Am I Alone? The Soy in Soylent Messed Me Up


I have had endocrine/hormone issues for a while, but they’ve more or less stabilized in the past few years. The net effect of this is that I regularly get hormone tests by my endocrinologist. When I started taking Soylent 2.0 the estrogen in my system crashed hard. I had to stop taking Soylent 2.0 and my levels are mostly back to normal now. It’s a shame because the glycemic impact of Soylent 2.0 and the overall ability to manage my calories closer really helped me lose weight.

Considering that there are 52 mg of soy isoflavones in one serving of Soylent, that means that an average Soylent consumer would be consuming 260 mg of isoflavones a day. I recognize a lot of people think the science is still out on phytoestrogens, but is it? Has Soylent done the science? Can we get links? I looked around and everything seems to agree that Soy is an endocrine disruptor.

Iowa State Univ has done some science and they recommend that people consume less than 100 mg. Am I the only one that has been negatively impacted by consuming Soylent 2.0? Has anyone else that has taken 2.0 experienced estrogen enhancing or negation? I have read some posts but, I can’t be the only one…


Can you be more specific about your issue? What were the levels measured before and after Soylent 2.0. I assume you had some blood tests done? What were your symptoms? It seems you had a pre existing problem that reoccured because of Soylent if I understood correctly? If I understand the science correctly… Soy wont increase your estrogen levels at all… If anything, they may increase the levels of the phytoestrogen or what they were called, which is different but may have similar properties.


My estrogen went from crazy high to about half what it normally is. I’m not going to give numbers (sorry guys!).

Symptoms: inability to sleep, joint pain, lack of libido. There are other things too that I personally attribute to it but might not be problems so I’m not getting into those.


Your first message mentions weight loss and your second message mentions weight gain.

How long were you consuming 2.0 and in what amounts?


Thanks. I forgot that it was weight loss not gain. Objectively lost 15 pounds. I didn’t have the larger chest or sensitive nipple problems. I had it from Sept 2015 to Dec 2015. I have it recorded somewhere. I was taking 3-5 bottles a day with no particular goal. I think I averaged 4 bottles.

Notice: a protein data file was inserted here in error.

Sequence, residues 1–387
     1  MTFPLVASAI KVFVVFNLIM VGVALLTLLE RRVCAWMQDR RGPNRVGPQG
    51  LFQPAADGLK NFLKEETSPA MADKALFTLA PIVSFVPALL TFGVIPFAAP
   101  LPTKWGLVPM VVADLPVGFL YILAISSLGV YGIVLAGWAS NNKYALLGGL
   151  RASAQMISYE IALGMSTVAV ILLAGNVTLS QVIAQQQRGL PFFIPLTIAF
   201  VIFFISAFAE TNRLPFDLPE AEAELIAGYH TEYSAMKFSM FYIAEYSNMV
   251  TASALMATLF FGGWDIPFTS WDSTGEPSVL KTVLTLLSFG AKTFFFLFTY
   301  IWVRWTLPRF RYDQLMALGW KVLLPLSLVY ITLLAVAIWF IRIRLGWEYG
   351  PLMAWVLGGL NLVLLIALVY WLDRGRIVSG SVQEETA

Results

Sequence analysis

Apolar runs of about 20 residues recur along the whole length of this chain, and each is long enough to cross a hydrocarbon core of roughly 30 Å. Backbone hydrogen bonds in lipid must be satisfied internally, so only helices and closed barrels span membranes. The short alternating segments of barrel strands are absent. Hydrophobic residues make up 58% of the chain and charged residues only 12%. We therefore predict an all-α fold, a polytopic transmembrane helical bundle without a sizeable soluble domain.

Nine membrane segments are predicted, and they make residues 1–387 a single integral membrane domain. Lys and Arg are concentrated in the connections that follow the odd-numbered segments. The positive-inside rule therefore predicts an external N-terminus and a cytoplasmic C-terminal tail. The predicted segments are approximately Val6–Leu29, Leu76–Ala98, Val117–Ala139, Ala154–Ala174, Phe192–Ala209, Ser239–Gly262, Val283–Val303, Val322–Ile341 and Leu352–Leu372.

:sweat_smile: I am just going to point out something that will make the whole community of anti soy cry [quote=“ytfsic, post:3, topic:25174”]
My estrogen went from crazy high to about half what it normally is

If soy is indeed the reason for your lower estrogen levels, then the anti soy movement has officially lost… since their claim is that soy increases estrogen levels. GG anti soy movement


OK let’s talk about that. Soy is a phytoestrogen, meaning it behaves as estrogen. It is adding extra estrogen to your system. In that way it increases your estrogen. Your body will produce less estrogen as a result. I think this is why it is called a disruptor. My estrogen tests would not test “phytoestrogen levels” only estrogen levels. I think one of us is misunderstanding something. I’m going to guess that since I have an endocrinologist explaining things to me that it’s not likely me, although it is quite possible that I misunderstand why my endo is very anti-soy for people with hormone sensitivities like myself.


Well, I did find this now that I looked into it further,

…Soy consumption has been suggested to exert potentially cancer-preventive effects in premenopausal women, such as increased menstrual cycle length and sex hormone-binding globulin levels and decreased estrogen levels…

I am sure your doctor knows what he/she is talking about, but I am curious about how much the actual difference/affect is… half of your normal estrogen levels sounds extreme.


Can I ask you a big favor? If you did have blood tests done, consider giving the results to Rosa Labs (the Soylent team) and if your doctor considers those results to be negative/bad… Then the team should work towards a version with less phytroestrogen purely for that reason.

(You can get soy protein with reduced levels of the phytoestrogen, though the question is how much more expensive that would be)


When I started Soylent 2.0 I had read through all of the forum armchair scientist discussions and saw that people were disputing the reliability of the ‘Soy is disruptive’ conclusions. Specifically for me was that one study had only one participant that was negatively impact by soy. I thought it was particularly curious that so few people were actually impacted by soy and wrote it off. To my own detriment, I went against my endo’s advice and started Soylent 2.0, thinking that I would have the regular periodic tests and be fine.

I didn’t start this thread to re-ignite or re-fuel the “soy is evil” discussion, although I can see how the original post did sound like I was opening that can all over again. Although I can see the case both ways, I couldn’t give a darn whether other people think soy is evil because (to me) after I started drinking Soylent 2.0, my numbers went way out whack.

I WOULD like to know if other people have the same experience as me, because I don’t trust most doctors to know what they’re talking about (even though my endo has been surprisingly reliable) and I’d like to understand whether there are commonalities between my experience and ANYONE else. I find it strange that I would have such a strong reaction and then I would watch the forums and not hear anyone else saying they’ve experienced the same thing. Surely I’m not THAT much of a unicorn.

I have waited a few months to post anything because 1) I don’t want to have to argue that what has happened to me has happened to me 2) I wasn’t sure I was back to normal (spoiler: just got the March test results back and I haven’t stabilized) 3) there’s still this hope in the back of my head that it wasn’t soy and it was something else.